A Mercer University professor from Poland is raising money to help Ukrainian refugees fleeing to her native country as Russia attacks the former Soviet republic.
Dr. Ania Rynarzewska, assistant professor of sports marketing and analytics in the Stetson-Hatcher School of Business and owner of Lux Leonis Skin Care, is selling a special soap and candle to benefit refugees through the Polish Red Cross.
Dr. Rynarzewska, who came to the U.S. in 2005 to attend Florida State University as an undergraduate, said she initially felt helpless being so far away amid the recent attacks on Ukraine.
“Everybody helps there in Poland,” she said. “All my friends are driving to the border, picking up refugees and taking them to their homes. … And I’m just here, kind of watching from afar, and I feel like that’s not right. I feel like I have to do something.”
She launched the fundraiser Feb. 27 and sold 25 pounds of soap and more than 30 candles by mid-afternoon the following day. Some stores are interested in carrying the products as well, she said.
Dr. Rynarzewska crafts Lux Leonis products by hand, and this special soap and candle are no different.
The goat milk soap displays an image of a sunflower, Ukraine’s national flower, and is colored yellow and blue, the colors of the Ukrainian flag. The soap smells like a sunflower field with a touch of fresh air and citrus, as well as green stems and earthy soil.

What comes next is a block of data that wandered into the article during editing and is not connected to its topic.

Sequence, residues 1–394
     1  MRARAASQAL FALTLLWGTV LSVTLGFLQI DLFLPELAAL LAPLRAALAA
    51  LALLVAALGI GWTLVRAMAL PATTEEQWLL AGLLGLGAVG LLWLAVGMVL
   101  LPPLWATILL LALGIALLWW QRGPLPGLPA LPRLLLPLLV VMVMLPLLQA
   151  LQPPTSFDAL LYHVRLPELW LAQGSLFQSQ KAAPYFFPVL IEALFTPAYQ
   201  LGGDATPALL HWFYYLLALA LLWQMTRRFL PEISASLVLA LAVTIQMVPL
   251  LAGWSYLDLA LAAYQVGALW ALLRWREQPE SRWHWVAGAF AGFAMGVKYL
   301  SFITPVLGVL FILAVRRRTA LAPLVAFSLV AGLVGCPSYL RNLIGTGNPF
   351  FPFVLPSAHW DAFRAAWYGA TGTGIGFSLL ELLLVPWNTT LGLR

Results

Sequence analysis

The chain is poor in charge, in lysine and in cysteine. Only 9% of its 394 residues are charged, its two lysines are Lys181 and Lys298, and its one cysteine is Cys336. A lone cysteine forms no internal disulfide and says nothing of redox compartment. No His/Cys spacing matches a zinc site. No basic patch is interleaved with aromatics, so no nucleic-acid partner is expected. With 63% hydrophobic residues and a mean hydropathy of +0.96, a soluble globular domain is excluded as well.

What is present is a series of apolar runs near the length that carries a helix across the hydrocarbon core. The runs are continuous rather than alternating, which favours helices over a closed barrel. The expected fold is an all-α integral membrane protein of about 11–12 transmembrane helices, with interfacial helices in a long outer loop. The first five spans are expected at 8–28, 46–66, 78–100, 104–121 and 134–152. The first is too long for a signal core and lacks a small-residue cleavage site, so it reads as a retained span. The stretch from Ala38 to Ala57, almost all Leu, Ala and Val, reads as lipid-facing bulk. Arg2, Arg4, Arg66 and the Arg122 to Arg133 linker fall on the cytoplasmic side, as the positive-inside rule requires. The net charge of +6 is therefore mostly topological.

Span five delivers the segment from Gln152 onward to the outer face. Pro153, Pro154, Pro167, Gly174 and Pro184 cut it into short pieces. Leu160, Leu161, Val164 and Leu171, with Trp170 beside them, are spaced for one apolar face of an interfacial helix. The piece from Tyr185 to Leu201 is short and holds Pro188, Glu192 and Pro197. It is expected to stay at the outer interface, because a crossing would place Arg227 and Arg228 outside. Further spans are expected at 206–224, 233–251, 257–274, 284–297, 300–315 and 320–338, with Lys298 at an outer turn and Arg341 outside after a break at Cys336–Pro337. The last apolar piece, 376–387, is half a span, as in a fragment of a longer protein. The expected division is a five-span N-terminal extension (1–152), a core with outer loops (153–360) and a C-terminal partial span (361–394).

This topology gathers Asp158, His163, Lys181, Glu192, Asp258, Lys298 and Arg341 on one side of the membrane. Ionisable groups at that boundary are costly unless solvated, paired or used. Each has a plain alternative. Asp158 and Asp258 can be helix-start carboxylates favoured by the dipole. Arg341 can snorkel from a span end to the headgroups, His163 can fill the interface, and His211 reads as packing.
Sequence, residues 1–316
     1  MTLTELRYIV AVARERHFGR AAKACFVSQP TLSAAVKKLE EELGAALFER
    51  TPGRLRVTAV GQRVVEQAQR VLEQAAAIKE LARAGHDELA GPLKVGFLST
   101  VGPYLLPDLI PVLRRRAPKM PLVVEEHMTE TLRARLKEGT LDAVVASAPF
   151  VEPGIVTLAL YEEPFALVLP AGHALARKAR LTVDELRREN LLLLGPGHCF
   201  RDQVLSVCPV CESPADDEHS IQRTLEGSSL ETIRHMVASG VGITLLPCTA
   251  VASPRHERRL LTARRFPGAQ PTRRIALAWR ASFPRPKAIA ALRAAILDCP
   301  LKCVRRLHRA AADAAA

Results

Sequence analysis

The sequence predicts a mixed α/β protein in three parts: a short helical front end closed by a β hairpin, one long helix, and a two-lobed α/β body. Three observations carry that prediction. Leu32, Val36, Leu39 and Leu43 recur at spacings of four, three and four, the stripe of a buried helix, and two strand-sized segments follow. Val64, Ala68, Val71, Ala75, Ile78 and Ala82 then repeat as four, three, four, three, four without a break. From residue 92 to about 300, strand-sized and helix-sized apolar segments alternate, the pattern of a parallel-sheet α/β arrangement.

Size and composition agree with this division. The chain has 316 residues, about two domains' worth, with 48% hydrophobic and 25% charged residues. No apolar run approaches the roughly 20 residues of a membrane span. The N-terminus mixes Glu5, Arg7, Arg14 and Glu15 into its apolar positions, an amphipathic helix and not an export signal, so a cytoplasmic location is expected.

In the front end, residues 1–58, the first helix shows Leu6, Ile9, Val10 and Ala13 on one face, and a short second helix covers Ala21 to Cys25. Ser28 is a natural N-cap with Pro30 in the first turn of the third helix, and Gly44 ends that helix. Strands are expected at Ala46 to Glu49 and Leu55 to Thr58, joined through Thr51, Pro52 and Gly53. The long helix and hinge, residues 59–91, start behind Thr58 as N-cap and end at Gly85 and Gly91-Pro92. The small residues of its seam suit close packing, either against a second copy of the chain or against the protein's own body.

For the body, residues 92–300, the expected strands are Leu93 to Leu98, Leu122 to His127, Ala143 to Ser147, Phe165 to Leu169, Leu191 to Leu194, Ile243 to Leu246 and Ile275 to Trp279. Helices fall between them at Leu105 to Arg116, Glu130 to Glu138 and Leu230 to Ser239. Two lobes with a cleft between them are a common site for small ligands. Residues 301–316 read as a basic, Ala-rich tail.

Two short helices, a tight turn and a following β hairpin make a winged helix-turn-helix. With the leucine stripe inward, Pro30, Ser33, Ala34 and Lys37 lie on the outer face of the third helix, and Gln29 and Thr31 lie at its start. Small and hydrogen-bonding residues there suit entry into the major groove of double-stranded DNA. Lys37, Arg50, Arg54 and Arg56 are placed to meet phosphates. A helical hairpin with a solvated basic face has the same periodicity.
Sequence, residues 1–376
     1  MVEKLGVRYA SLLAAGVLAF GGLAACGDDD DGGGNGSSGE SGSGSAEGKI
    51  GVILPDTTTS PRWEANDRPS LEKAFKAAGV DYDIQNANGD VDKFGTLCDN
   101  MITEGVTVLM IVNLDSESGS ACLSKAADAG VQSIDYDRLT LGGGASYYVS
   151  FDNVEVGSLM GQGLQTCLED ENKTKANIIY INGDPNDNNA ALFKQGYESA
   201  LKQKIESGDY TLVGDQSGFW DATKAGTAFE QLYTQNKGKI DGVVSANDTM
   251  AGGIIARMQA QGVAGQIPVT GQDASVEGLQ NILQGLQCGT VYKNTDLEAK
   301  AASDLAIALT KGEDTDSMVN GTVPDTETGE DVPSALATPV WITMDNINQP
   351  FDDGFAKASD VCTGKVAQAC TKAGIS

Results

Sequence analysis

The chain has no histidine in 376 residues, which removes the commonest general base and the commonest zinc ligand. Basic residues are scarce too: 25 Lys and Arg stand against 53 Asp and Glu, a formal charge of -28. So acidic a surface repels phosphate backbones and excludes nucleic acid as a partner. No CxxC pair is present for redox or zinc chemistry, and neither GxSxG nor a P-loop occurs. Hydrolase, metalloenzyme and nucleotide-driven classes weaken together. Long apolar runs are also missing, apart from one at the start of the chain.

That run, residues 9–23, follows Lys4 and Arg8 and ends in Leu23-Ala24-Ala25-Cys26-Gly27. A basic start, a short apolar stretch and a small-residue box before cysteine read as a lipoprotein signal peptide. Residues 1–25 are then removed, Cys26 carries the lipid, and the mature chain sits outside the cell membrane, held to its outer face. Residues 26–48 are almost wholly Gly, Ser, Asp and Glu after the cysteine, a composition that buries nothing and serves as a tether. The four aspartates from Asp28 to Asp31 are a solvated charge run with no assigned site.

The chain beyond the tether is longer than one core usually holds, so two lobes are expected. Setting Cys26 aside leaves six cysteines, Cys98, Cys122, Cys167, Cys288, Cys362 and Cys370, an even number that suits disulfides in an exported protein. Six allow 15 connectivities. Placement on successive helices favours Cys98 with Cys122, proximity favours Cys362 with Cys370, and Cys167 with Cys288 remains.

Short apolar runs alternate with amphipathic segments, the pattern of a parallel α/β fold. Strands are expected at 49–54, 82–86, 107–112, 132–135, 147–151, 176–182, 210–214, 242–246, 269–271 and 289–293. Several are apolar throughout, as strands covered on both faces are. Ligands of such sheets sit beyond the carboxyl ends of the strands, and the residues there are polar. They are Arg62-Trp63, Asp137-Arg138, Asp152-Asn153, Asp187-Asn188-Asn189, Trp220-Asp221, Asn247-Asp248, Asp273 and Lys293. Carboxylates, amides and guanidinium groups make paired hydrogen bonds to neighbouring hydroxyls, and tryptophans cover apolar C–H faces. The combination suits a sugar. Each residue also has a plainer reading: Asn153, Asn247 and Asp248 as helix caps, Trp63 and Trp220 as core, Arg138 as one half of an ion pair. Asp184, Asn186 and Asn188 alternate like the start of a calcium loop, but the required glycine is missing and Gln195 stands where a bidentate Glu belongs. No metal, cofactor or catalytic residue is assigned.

The candle is scented with white tea and is called “For World Peace.”
The soap (available by pre-order only) sells for $8.50 and the candle for $20. At least 60% of the products’ proceeds will be donated to the Polish Red Cross. The remainder will be used to cover the cost of the ingredients.
Pitts-based Oliver Farm Artisan Oils has donated sunflower oil to use in the soap, and Dr. Rynarzewska is asking other suppliers to donate as well. She is donating her time to make the products, which are available online at luxleonisskincare.com.
The United Nations estimates more than 500,000 Ukrainians have fled to bordering countries, with Poland taking in over 280,000 refugees, according to a BBC news report on Feb. 28.
With global economies already depressed due to the COVID-19 pandemic, Dr. Rynarzewska said she worried about what would happen to the refugees.
“Somebody has to take them in. Somebody has to take care of them,” she said.
She chose to donate to the Polish Red Cross after reaching out to the organization and confirming what the money would be used for.
“They promised they would either give it to Ukrainian refugees in Poland who just crossed the border, or they will direct it to the people in Ukraine,” she said. “So, mothers, children, people in need are who we have to help.”